Steve Southerland Wants Obama's Oceanic Plans Capsized
Around the State
U.S. Rep. Steve Southerland, R-Fla., unveiled a bill on Thursday pushing back against President Barack Obama’s proposal to limit energy exploration and fishing in 780,000 miles of ocean.
Last week, Obama proposed to create the world’s largest ocean preserve which would end fishing and drilling in American waters around Hawaii and American Samoa. Taking a page from President George W. Bush, Obama looked to expand the Pacific Remote Islands Marine National Monument and protect more aquatic life.
Obama said last week that increased pollution and fishing are posing a threat for future generations.
"If we ignore these problems, if we drain our oceans of their resources, we won't just be squandering one of humanity's greatest treasures," Obama said. "We'll be cutting off one of the world's major sources of food and economic growth, including for the United States. We cannot afford to let that happen."
While environmentalists cheered the news, Republicans have criticized Obama for ignoring Congress in his decision. Advocates for consumer fishermen have also criticized the proposal, noting that 3 percent of American tuna fishing comes from the area Obama is closing off.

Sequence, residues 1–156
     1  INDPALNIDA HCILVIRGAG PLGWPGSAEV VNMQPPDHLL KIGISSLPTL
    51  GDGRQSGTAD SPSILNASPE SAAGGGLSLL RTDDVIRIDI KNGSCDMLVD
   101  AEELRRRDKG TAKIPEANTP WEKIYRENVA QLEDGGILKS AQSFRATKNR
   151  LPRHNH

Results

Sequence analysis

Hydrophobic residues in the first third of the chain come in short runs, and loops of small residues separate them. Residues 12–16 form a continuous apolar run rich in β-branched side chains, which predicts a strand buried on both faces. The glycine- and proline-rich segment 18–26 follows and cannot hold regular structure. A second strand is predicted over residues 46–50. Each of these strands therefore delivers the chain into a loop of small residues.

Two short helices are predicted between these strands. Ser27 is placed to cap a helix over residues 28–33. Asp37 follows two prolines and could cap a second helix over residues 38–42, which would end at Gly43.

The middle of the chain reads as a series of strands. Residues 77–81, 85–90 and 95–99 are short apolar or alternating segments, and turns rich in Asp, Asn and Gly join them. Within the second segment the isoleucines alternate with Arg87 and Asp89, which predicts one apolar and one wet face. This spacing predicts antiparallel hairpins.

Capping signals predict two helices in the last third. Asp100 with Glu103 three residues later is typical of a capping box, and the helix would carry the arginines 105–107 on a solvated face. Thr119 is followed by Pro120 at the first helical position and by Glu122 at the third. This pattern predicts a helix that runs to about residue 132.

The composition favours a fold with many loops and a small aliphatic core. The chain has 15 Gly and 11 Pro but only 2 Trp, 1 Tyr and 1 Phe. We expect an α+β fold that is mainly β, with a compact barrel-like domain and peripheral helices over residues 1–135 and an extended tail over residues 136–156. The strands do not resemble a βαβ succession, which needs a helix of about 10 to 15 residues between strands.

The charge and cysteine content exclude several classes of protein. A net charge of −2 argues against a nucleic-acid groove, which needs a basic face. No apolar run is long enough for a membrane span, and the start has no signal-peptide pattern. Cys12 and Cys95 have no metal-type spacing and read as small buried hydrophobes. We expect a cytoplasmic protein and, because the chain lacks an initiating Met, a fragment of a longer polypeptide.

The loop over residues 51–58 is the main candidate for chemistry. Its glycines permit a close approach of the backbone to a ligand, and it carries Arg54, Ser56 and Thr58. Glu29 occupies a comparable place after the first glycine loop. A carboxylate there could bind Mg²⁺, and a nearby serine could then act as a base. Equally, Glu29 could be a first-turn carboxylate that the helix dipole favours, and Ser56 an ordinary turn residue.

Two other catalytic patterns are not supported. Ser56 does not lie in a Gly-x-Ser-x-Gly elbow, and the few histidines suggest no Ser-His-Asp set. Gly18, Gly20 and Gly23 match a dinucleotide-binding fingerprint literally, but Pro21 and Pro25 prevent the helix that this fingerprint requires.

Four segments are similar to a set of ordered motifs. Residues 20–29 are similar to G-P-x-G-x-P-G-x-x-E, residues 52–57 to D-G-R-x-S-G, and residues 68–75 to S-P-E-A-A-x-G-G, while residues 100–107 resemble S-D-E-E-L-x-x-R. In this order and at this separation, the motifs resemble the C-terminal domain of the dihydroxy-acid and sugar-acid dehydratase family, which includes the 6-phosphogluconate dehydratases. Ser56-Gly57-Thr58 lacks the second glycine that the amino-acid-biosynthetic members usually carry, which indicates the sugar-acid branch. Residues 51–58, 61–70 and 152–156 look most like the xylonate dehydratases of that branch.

Southerland’s “Marine Access and State Transparency (MAST) Act” mandates Obama’s proposal and any similar actions in the future would need to be approved by state governments bordering the impacted oceans, and Congress.
“The president is brazenly attempting to shut down access to a portion of our oceans that’s larger than Florida, Texas, and Alaska combined,” said Southerland on Thursday. “In response, I introduced common-sense legislation to improve transparency and stop this unprecedented water grab from occurring without the consent of the individual states and their citizens.”
Southerland noted his bill would not impact Florida waters already closed to oil exploration but insisted that it would stop Obama from using the Antiquities Act of 1906 to create marine monuments off the coast of the Sunshine State, limiting commercial and recreational fishing in those waters.
“North and Northwest Florida’s fishermen are already struggling to survive under this president’s overregulation of our oceans, and they deserve to know some in Congress are fighting to stop him from making their jobs even tougher,” Southerland said.
Reach Kevin Derby at firstname.lastname@example.org.